Better off without BIP43?

Exploring the assumptions of BIP32 and BIP43

This article is not about wallet backups per-se, although it does touch on the subject where it is related. It is more an attempt at writing down my current position on BIP32 and derivation paths. I’ve touched on it before in at least one previous article, but this one is more specific.

In the past, many specifications were designed around the building block of BIP32 key enumeration. One example of this was finding the BIP45 multi-signature usage of a master private key, by enumerating the receiving and change addresses of the declared BIP43 purpose 45.

Let’s take a look at why this is possibly no longer relevant, and if you propose your own BIP43 purposes, you might very well find ElectrumSV putting other stuff there.

BIP32 derivation paths

To illustrate this, the template for a BIP45 wallet using it’s declared purpose value of 45, was given as follows:


My current position is that BIP32 is the only reliable and tested tool we have for hierarchical key generation and enumeration. But it should be employed like a tool, not used to reserve derivation paths for set purposes. That was an easy choice from simpler times in the past, where wallets were more or less limited to simple payments.

Wallet backups

As a wallet does more and more interesting things, any useful backup of it’s activity will have to include metadata to go with the knowledge of what transactions were made. It is no longer necessary to enumerate and exhaust any potential derivation path usage under the wallet’s master private key. The metadata can and should include the same information that this would discover, as well as the additional information that gives it context.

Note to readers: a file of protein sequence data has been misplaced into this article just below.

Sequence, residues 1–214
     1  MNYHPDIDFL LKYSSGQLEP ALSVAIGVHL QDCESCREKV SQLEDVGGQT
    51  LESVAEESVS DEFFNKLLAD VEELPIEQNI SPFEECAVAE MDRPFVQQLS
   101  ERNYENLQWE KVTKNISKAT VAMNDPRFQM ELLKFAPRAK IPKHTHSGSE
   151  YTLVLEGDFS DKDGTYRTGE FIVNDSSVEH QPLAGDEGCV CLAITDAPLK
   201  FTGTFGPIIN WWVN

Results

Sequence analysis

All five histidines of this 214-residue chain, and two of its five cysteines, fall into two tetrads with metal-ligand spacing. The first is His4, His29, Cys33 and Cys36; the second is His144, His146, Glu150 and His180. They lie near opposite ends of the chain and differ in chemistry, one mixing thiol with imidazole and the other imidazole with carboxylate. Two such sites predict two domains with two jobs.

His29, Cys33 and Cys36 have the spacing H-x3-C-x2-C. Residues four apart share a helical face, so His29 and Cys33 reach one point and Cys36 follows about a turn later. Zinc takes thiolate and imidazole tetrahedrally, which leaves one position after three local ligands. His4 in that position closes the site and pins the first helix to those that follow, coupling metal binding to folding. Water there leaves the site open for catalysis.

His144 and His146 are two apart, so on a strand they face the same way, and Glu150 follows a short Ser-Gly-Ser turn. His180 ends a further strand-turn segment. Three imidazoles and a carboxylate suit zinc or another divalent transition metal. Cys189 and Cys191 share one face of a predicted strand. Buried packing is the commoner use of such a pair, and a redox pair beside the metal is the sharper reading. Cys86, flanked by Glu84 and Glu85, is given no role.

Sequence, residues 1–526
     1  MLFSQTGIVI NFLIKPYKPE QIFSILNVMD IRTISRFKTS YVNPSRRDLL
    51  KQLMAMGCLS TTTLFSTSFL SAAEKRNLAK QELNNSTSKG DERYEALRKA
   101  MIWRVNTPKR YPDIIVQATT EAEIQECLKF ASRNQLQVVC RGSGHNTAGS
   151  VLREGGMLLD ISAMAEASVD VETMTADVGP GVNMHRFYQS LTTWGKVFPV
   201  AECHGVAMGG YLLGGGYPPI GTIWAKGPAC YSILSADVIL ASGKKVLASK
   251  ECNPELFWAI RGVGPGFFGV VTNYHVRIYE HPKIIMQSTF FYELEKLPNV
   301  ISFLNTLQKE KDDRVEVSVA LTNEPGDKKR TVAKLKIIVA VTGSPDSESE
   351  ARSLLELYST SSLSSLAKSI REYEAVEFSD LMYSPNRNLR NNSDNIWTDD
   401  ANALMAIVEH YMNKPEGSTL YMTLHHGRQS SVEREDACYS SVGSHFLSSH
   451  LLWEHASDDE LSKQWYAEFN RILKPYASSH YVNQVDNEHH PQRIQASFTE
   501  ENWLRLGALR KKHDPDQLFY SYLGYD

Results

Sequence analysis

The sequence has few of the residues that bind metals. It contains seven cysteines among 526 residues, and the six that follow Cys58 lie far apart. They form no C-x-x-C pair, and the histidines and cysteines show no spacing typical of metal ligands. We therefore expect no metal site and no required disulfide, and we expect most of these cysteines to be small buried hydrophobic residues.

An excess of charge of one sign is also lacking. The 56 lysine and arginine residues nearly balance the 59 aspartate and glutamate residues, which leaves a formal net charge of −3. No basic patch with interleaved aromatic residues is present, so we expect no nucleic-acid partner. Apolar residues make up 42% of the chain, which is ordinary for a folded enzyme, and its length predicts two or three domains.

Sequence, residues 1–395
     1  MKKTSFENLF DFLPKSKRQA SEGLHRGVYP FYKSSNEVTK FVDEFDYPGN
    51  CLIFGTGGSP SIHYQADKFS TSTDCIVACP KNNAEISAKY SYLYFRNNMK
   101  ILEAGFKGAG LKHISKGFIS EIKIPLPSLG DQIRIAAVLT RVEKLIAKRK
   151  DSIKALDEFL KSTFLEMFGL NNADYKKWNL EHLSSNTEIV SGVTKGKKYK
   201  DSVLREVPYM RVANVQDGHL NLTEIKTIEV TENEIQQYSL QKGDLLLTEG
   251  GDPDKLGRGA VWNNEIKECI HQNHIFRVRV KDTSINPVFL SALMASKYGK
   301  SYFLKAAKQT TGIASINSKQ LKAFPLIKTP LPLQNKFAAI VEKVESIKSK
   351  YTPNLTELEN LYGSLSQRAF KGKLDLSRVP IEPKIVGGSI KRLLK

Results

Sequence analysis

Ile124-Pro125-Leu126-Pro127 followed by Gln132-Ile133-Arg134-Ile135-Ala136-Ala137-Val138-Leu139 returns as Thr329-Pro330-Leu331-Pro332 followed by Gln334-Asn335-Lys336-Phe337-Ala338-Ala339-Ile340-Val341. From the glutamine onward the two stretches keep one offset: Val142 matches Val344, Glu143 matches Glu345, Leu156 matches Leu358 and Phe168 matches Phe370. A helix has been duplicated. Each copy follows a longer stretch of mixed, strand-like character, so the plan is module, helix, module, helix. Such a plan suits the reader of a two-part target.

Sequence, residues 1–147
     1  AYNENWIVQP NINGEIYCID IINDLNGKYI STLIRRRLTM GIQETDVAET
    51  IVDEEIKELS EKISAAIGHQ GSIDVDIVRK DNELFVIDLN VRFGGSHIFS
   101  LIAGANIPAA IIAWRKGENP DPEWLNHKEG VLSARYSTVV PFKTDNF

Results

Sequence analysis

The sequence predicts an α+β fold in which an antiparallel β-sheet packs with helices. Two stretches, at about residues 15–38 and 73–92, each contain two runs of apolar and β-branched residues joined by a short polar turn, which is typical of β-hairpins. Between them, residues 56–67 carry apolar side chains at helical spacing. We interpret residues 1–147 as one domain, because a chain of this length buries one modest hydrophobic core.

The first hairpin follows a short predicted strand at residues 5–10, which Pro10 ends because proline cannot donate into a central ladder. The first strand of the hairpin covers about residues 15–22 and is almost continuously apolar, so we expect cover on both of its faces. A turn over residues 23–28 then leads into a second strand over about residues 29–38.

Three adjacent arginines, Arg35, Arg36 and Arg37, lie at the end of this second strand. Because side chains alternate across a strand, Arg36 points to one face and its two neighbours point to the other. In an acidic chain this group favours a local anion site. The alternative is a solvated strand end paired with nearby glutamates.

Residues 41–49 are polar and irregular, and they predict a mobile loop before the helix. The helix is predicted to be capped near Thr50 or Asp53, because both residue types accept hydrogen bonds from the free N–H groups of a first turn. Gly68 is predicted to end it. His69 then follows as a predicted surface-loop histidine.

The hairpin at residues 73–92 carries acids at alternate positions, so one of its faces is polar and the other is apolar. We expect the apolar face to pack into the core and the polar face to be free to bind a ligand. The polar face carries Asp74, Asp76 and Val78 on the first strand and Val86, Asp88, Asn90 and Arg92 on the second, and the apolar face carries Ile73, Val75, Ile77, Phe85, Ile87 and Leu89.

The ability to know where things are in the BIP32 derivation paths, then becomes more of an artificial, arbitrary and limiting constraint than anything useful. The only reserved places in the derivation paths, should be the location of the metadata records, and those alone would be enumerated — in any hypothetical on-chain wallet recovery process.

BIP32 as a tool

A wallet might in response to some user action, dynamically allocate a BIP32 path for whatever purpose. As long as it does not conflict with the reserved metadata derivation paths, it does not matter where it is. It can generate a relative sub-path fit for purpose, under the allocated position in the wallet’s key-space.

To illustrate this, the template for a BIP45 wallet would then be:


A wallet could then have any number of new-style (non-P2SH of course) BIP45 accounts within it, located under any arbitrarily allocated parent derivation path. Of course, only the wallet owner’s own co-signing in the multi-signature wallet would be within their key-space. The other cosigners would get an xpub for this sub-path, so they could watch and confirm the wallet owner’s participation in the multi-signature wallet. Their xpubs would be stored in the wallet metadata and associated with this account and it’s application.

The master private key as a container

If the multi-signature key-space I am the co-signer for and have the private key for was generated by an external party from their key-space or even randomly with a new private key of it’s own, then I should be able to integrate that into the wallets accounts and use it in much the same fashion as any other account.

The metadata now defines the wallet structure, and the derivation path space is merely a tool at it’s disposal.

Summing up

Thoughts welcome on the article.

ElectrumSV developer

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